Intermediate Egret - Mesophoyx intermedia
Little Egret - Egretta garzetta
Cattle Egret - Bubulcus ibis
Indian Pond Heron - Ardeola grayii
Oriental Honey-buzzard - Pernis ptilorhynchus
Crested Serpent-Eagle - Spilornis cheela
Crested Goshawk - Accipiter trivirgatus
Shikra - Accipiter badius
Brahminy Kite - Haliastur indus
White-breasted Waterhen - Amaurornis phoenicurus
Rock Pigeon - Columba livia
Spotted Dove - Streptopelia chinensis
Emerald Dove - Chalcophaps indica
Gray-fronted Green-Pigeon - Treron affinis
Banded Bay Cuckoo - Cacomantis sonneratii
Southern Coucal - Centropus sinensis
Little Swift - Apus affinis
Asian Palm-Swift - Cypsiurus balasiensis
White-throated Kingfisher - Halcyon smyrnensis
Chestnut-headed Bee-eater - Merops leschenaulti
Malabar Gray Hornbill - Ocyceros griseus
White-cheeked Barbet - Megalaima viridis
Malabar Barbet - Megalaima malabarica
Brown-capped Pygmy Woodpecker - Dendrocopos nanus
White-bellied Woodpecker - Dryocopus javensis
Lesser Yellownape - Picus chlorolophus
Common Flameback - Dinopium javanense
Black-rumped Flameback - Dinopium benghalense
Greater Flameback - Chrysocolaptes guttacristatus
Heart-spotted Woodpecker - Hemicircus canente
Plum-headed Parakeet - Psittacula cyanocephala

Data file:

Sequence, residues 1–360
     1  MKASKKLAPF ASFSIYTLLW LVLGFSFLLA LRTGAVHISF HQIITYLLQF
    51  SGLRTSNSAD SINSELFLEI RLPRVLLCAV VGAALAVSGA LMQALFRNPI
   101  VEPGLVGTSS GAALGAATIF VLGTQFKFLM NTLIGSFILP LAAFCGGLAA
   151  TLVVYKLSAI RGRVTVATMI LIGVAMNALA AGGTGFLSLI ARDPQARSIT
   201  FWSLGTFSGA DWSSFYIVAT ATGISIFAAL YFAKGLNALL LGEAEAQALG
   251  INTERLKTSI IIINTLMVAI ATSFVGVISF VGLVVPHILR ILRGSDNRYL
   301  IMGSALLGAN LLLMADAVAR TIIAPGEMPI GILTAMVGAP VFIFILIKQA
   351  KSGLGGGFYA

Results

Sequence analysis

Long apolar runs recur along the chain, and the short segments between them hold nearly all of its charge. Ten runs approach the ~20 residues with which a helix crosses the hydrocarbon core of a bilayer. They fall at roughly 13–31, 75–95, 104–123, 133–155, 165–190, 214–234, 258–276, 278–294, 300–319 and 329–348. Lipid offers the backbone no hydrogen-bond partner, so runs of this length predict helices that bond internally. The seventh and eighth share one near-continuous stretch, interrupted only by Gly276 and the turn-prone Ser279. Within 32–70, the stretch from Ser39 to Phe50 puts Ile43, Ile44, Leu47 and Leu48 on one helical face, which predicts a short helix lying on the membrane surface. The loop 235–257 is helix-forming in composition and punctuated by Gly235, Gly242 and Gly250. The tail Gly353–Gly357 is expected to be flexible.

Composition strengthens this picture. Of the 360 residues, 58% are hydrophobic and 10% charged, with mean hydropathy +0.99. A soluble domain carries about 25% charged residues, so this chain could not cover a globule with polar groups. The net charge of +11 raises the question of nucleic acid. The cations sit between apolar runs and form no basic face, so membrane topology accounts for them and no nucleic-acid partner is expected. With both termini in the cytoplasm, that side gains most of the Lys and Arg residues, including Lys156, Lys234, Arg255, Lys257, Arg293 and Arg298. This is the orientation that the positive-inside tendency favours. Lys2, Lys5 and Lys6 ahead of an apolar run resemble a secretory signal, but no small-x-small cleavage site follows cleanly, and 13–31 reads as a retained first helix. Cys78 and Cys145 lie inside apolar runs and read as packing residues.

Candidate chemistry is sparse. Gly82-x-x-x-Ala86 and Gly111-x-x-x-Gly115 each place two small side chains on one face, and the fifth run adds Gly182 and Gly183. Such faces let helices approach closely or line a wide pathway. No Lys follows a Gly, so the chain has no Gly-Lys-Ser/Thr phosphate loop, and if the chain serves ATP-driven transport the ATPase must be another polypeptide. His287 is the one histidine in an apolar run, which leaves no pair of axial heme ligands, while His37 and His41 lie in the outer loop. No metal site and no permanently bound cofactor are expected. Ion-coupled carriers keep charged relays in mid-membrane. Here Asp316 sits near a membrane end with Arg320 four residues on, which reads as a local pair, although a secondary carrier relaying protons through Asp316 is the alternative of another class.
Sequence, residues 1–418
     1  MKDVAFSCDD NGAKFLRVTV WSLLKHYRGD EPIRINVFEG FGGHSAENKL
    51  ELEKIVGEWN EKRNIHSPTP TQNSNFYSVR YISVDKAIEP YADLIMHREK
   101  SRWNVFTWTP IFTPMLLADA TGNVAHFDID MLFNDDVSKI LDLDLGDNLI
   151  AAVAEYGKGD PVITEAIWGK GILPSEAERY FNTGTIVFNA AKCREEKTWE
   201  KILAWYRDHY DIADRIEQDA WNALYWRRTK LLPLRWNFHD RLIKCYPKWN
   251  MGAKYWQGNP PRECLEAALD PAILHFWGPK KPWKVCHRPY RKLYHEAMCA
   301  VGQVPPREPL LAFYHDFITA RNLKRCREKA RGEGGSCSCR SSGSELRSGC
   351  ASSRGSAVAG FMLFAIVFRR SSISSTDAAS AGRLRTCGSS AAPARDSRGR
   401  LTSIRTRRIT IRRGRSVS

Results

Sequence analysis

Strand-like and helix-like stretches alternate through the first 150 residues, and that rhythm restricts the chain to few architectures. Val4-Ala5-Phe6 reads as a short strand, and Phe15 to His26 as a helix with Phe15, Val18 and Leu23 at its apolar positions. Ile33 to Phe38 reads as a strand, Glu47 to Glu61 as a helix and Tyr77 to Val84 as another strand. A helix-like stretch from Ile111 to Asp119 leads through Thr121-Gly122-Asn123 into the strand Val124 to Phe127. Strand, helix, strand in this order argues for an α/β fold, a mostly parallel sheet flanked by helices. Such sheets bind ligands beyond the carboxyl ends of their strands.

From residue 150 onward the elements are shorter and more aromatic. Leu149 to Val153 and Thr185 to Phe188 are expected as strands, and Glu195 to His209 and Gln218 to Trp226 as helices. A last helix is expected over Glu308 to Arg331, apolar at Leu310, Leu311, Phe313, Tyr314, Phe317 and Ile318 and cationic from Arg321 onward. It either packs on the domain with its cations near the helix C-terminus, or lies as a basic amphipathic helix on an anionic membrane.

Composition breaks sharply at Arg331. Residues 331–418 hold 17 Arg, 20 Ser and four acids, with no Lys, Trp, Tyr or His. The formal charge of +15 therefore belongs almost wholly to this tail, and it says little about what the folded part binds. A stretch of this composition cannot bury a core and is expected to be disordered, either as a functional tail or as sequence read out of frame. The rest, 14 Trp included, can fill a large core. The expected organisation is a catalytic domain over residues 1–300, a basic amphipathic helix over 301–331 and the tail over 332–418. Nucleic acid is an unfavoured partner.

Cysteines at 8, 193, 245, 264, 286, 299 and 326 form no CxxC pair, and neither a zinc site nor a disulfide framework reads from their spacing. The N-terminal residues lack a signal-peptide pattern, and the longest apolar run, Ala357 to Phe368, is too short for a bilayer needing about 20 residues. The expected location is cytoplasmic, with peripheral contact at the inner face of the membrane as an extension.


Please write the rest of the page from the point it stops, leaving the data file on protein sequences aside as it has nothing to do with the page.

Malabar Parakeet - Psittacula columboides
Vernal Hanging-Parrot - Loriculus vernalis
Malabar Woodshrike - Tephrodornis sylvicola
Bar-winged Flycatcher-shrike - Hemipus picatus
Ashy Woodswallow - Artamus fuscus
Common Iora - Aegithina tiphia
Small Minivet - Pericrocotus cinnamomeus
Orange Minivet - Pericrocotus flammeus
Large Cuckooshrike - Coracina macei
Black-headed Cuckooshrike - Lalage melanoptera
Brown Shrike - Lanius cristatus
Indian Golden Oriole - Oriolus kundoo
Ashy Drongo - Dicrurus leucophaeus
Bronzed Drongo - Dicrurus aeneus
Spangled Drongo - Dicrurus hottentottus
Greater Racket-tailed Drongo - Dicrurus paradiseus
Black-naped Monarch - Hypothymis azurea
Rufous Treepie - Dendrocitta vagabunda
White-bellied Treepie - Dendrocitta leucogastra
Large-billed Crow - Corvus macrorhynchos
Dusky Crag-Martin - Ptyonoprogne concolor
Barn Swallow - Hirundo rustica
Red-rumped Swallow - Cecropis daurica
Black-lored Tit - Parus xanthogenys
Velvet-fronted Nuthatch - Sitta frontalis